Kenya is known to have good policies, commitments, and laws that are good on paper but are rarely implemented.
The vast majority of the policies are left to attract dust on shelves and are remembered during the review period.
Essentially, Kenya is a signatory to East and Southern Africa’s commitment to Comprehensive Sexuality Education, ICPD25, Maputo protocol, Generation Equality Forum, and family planning 2030 commitments all meant to give Kenya a broader vision and direction to address the triple threats.
To unpack the triple threat, there has been a rising concern over the acute increase in new HIV infections, gender-based violence, and teenage pregnancies among adolescents and young people.
While addressing the triple threats remains the alma mater of both the government and civil society organizations, remarkable progress has been achieved with a big room for improvement.
Sadly, 30 young people aged 15-24 years register new HIV infections that occur daily.
Unfortunately, the interventions have proved to be stand-alone and missing a multi-sectoral approach in coordination that will ensure increased political goodwill, domestic financing, and rolling out of interventions holistically to ensure the root causes of the three social problems are solved with fruition.
Notably, according to the Ministry of health, there were 317,644 adolescents aged 10-19 pregnant last year and 12,520 aged 12-17 who sought sexual and gender-based violence services
This notwithstanding, Kenya has to move beyond launching and committing to good policies and regional/international commitments and dive deeper into actual well-coordinated implementation which should involve substantial tracking of progress made guided by documented indicators in the monitoring and evaluation framework.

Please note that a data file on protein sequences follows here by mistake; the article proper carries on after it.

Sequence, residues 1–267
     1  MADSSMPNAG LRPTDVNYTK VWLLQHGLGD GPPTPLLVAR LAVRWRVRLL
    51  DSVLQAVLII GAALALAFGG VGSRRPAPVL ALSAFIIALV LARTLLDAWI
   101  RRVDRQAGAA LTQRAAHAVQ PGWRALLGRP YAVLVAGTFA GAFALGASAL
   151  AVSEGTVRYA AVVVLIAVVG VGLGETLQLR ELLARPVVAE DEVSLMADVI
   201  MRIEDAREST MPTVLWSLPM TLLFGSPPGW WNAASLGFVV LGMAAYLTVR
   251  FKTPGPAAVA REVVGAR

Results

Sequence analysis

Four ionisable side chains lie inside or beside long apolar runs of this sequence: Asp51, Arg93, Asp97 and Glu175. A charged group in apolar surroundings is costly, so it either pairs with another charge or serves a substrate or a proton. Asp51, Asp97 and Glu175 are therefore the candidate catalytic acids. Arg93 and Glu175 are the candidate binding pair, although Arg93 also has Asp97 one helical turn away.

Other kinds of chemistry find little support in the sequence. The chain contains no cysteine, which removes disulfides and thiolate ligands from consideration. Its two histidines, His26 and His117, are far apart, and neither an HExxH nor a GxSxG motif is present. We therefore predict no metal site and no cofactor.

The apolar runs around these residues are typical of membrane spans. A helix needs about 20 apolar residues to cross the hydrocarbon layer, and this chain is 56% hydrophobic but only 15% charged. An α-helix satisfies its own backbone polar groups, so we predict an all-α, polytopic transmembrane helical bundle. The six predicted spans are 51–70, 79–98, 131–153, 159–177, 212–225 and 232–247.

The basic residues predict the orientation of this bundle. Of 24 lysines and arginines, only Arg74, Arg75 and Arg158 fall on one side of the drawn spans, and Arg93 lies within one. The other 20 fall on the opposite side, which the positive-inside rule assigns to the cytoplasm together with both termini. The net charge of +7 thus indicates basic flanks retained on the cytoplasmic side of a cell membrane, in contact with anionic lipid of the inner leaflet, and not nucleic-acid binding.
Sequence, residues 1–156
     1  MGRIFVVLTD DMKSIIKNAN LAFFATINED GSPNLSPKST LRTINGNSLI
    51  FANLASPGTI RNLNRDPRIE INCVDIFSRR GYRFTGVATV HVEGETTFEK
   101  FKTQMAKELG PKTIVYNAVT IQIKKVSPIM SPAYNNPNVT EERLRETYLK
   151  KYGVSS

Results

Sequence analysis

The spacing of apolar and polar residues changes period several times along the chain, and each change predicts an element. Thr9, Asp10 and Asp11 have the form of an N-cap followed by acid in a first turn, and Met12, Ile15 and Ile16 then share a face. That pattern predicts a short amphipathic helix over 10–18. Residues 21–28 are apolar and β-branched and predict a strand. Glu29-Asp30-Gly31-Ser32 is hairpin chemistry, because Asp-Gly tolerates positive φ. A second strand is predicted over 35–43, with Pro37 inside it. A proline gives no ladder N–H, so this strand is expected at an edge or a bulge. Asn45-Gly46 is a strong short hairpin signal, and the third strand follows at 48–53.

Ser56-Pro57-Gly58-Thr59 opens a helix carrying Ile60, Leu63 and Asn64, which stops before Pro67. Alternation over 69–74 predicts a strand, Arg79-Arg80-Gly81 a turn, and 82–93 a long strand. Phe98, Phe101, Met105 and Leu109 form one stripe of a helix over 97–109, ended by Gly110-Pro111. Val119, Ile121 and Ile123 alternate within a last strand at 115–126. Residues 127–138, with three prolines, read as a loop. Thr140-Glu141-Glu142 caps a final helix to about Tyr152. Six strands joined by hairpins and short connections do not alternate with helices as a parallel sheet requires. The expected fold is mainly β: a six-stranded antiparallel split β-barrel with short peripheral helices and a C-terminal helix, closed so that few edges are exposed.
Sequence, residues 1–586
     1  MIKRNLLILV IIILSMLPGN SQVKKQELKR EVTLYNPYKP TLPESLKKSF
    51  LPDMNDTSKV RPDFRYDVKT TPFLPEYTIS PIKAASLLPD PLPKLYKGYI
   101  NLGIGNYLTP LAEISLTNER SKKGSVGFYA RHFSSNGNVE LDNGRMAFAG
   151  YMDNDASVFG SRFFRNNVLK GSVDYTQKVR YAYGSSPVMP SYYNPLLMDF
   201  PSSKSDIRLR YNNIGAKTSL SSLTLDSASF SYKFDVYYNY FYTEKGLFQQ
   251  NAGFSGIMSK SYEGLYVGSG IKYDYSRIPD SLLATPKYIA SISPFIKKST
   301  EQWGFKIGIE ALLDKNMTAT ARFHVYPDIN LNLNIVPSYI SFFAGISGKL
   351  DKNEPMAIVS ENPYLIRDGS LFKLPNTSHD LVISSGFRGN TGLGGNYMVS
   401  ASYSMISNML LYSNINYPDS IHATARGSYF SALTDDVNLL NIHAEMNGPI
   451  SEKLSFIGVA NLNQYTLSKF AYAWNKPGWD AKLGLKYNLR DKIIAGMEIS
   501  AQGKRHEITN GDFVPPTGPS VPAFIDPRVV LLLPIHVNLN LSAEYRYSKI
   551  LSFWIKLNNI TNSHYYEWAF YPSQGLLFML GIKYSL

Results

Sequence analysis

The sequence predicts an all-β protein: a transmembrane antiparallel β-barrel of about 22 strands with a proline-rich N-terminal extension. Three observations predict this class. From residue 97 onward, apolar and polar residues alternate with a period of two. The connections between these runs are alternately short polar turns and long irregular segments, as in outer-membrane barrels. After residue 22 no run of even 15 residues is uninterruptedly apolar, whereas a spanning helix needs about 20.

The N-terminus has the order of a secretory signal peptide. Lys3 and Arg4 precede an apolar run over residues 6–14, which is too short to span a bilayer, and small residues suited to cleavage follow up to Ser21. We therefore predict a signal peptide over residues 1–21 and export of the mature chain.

Of importance, is the involvement of communities in all stages of implementation of the policies and commitments
Another better way of ending the triple threat is by adopting evidence-based programming. This involves tailor-making the interventions to suit the needs and traditions of certain communities so as to find sustainable solutions to address the triple threats.
This is doable through research to generate evidence that provides unique and smart solutions to avoid employing one-fit-all intervention in all counties.
Nevertheless, the biggest challenge has been appropriating funds for the implementation of the policies and actions. It is high time that the departments involved start with the Ministry of Health to ensure that the policies are developed and launched and get a budget line that will ensure that the pertinent GBV, teenage pregnancies, and new HIV infections are addressed.
Finally, let us move quickly to save the future generation by taking a keen interest in the health challenges hindering them to unleash their full potential.
Let us not be blinded by alarming statistics and instead replace them empathetically with real human beings in need of care, protection, and provision of comprehensive services. From the village up to the national level, all the players should ACT to end the triple threat.